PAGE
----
We loved the beds of planted out with differing height bulbs and themes of colour……

This area of the garden is divided into flowerbeds where flower clumps of different heights create volume. Fruit trees or ornamental trees dominate the climbing roses, the long-stemmed hollyhocks and the coloured banks of annuals. Monet mixed the simplest flowers (daisies and poppies) with the most rare varieties. Claude Monet did not like organised or constrained gardens so he married flowers according to their colours and left them to grow rather freely.

The central alley is covered over by iron arches on which climbing roses grow. Other rose trees cover the balustrade along the house.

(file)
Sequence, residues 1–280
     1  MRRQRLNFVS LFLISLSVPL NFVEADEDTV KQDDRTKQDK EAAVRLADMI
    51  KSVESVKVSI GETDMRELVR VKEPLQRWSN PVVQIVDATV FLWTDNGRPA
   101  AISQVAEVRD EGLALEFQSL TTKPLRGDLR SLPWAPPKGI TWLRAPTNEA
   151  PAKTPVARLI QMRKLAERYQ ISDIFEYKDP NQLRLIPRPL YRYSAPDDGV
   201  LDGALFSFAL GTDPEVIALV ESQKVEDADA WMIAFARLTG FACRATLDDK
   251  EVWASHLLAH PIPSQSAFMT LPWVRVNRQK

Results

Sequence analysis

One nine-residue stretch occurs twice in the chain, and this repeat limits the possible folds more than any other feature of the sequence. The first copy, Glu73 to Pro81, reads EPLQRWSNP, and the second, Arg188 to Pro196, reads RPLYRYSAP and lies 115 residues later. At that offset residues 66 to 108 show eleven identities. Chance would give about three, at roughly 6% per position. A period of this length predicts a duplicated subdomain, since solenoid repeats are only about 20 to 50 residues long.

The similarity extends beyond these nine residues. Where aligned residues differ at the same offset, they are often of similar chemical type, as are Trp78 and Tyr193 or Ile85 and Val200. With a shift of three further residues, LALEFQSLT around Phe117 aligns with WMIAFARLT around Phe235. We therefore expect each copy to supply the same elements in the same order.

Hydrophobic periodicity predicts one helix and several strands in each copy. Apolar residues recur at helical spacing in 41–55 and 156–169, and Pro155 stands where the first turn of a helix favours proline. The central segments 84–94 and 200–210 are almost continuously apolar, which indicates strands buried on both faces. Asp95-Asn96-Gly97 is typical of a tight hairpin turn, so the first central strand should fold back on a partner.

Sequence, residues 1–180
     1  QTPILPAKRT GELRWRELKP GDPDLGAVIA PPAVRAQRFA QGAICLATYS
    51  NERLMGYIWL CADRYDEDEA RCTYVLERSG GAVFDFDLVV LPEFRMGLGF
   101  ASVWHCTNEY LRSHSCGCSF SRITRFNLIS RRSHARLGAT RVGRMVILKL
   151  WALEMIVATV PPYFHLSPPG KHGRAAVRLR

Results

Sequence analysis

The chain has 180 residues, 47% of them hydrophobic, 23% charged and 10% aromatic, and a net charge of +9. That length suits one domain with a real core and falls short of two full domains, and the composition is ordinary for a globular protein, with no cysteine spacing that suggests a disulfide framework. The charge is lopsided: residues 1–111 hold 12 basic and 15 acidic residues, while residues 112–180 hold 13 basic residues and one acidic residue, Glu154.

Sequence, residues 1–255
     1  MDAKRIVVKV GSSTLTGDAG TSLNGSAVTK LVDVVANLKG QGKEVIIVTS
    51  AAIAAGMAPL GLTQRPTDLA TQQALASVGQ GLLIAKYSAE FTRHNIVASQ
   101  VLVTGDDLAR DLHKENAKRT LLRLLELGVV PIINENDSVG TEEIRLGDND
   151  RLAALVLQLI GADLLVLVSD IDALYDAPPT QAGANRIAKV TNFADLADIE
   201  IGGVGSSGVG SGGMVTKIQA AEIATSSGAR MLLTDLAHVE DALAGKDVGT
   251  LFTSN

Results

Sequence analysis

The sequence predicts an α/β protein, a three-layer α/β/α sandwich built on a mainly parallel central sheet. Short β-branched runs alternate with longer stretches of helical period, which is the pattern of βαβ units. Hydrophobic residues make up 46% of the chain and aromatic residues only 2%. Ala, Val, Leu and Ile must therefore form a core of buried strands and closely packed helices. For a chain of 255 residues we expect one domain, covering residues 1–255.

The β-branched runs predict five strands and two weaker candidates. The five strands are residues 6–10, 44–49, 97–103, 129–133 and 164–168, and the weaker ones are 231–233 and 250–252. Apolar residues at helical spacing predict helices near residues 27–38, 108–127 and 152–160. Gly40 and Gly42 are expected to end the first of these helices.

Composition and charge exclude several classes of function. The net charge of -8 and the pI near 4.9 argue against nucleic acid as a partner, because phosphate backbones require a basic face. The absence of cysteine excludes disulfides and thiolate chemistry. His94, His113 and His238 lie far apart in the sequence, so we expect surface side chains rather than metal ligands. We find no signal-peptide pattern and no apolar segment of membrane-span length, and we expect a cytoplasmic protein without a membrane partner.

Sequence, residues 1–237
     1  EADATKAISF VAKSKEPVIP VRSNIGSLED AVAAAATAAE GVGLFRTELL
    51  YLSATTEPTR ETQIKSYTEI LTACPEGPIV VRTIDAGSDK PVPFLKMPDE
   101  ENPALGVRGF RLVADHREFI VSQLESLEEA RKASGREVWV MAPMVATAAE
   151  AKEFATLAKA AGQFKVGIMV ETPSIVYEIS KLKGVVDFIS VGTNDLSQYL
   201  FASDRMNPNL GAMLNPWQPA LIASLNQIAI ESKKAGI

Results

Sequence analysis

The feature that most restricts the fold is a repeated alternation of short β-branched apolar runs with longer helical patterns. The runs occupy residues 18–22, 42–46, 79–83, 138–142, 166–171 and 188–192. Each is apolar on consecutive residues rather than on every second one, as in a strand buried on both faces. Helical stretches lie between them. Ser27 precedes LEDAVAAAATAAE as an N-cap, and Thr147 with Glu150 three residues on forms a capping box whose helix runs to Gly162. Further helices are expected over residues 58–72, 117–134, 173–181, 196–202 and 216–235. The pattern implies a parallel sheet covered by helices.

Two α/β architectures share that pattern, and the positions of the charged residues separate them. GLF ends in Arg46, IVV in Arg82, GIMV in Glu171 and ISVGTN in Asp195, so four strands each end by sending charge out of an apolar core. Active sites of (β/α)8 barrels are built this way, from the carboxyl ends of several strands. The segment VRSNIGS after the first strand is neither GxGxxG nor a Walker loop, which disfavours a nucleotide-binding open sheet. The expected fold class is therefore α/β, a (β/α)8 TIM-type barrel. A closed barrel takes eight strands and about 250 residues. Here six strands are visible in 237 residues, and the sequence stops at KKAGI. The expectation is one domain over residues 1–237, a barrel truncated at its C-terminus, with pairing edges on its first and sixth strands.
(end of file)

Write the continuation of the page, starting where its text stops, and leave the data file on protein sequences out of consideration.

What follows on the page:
We could have spent hours looking at all the beautiful plants but decided to head over to the water garden next.

In 1893, ten years after his arrival at Giverny, Monet bought the piece of land neighbouring his property on the other side of the railway. It was crossed by a small brook, the Ru, which is a diversion of the Epte, a tributary of the Seine River. Monet had the first small pond dug, to the opposition of the neighbours as they were afraid that his strange plants would poison the water. Later on the pond would be enlarged to its present day size. The water garden is full of asymmetries and curves. It is inspired by the Japanese gardens that Monet knew from the prints he collected avidly.